There are several variations of bar plots, and covering all of them in this article would be excessive, so I will provide you with some links at the end of the post for further exploration. However, it's important to know that when we are working with a variable that somehow describes a temporal order, you can connect the "heads" of the bars with a line to highlight the trend over time of the recorded absolute frequency values. Remember that when measuring the values of the same variable over time on the same statistical unit or sample, we talk about time series.
Take a look at the example in the photo below to better understand: ### The Box Plot:

When dealing with a series of continuous data and wanting to represent the position and variability indices of these data, it is appropriate to use a box plot or whisker plot. In the image below, you can see all the elements that characterize a box plot: Furthermore, it is easy to compare different data series using box plots. Let's see how to create a Box Plot in R and python:

In R:

``````# Load the iris dataset
data(iris)

ggplot(iris) +
aes(x = Petal.Length, y = Species, fill = Species) +
geom_boxplot() +
scale_fill_hue(direction = 1) +
theme_minimal()``````

In Python:

``````import seaborn as sns
import matplotlib.pyplot as plt

# Load the iris dataset (assuming you have the dataset available)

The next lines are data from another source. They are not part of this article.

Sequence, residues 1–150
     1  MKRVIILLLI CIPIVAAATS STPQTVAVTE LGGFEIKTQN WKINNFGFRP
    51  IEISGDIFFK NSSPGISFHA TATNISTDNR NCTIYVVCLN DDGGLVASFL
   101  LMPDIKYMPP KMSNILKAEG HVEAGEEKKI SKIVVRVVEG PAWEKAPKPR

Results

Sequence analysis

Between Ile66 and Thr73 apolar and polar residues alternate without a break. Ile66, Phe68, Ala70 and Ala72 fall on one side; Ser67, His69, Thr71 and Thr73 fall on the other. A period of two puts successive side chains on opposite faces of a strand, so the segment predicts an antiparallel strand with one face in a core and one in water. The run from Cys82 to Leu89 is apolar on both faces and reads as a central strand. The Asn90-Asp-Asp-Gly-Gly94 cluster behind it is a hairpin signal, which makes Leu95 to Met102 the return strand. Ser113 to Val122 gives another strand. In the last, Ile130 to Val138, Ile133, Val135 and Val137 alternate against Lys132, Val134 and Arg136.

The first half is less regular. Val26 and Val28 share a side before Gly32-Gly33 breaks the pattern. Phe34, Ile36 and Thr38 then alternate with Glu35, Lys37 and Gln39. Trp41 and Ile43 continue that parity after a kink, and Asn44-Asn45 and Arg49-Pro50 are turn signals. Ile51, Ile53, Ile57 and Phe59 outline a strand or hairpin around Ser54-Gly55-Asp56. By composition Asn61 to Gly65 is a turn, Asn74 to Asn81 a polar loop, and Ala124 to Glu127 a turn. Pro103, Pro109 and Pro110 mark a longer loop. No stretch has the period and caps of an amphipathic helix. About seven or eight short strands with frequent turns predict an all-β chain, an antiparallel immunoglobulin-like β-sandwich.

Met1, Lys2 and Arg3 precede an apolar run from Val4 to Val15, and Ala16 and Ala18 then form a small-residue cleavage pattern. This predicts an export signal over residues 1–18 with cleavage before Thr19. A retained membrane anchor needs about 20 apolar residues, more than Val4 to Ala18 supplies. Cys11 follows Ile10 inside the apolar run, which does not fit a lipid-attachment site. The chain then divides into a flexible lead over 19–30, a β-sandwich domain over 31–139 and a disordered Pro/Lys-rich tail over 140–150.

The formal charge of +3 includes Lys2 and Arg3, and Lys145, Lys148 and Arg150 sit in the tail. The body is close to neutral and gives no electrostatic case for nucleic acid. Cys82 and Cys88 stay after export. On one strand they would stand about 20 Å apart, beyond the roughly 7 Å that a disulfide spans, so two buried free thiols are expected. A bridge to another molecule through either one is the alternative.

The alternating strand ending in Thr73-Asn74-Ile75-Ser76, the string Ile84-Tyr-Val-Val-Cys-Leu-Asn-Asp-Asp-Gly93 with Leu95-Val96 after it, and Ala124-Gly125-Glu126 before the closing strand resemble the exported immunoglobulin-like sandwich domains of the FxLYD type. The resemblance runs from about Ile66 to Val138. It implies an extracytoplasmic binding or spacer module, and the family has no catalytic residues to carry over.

# Create the boxplot
sns.set(style='whitegrid')
plt.figure(figsize=(8, 6))
sns.boxplot(x='petal_length', y='species', data=iris, palette='husl')

# Show the plot
plt.show()``````

These are just a few examples of graphs among those that can be used. Covering them all one by one would be pure madness, but I hope that with these examples, you have an idea of how graphs can effectively, quickly, and non-dispersively convey data even to a non-expert audience. Using the right graph for each occasion and type of result is certainly not easy, but with experience, it will become easier, or at least that's what they told me!

Well, with this article, we have concluded the overview of descriptive statistics. In the next article, we will start discussing another important branch of statistics, namely "Probability Theory." As always, I invite you to leave a comment for clarifications and corrections.

Goodbye and see you soon.

Some references: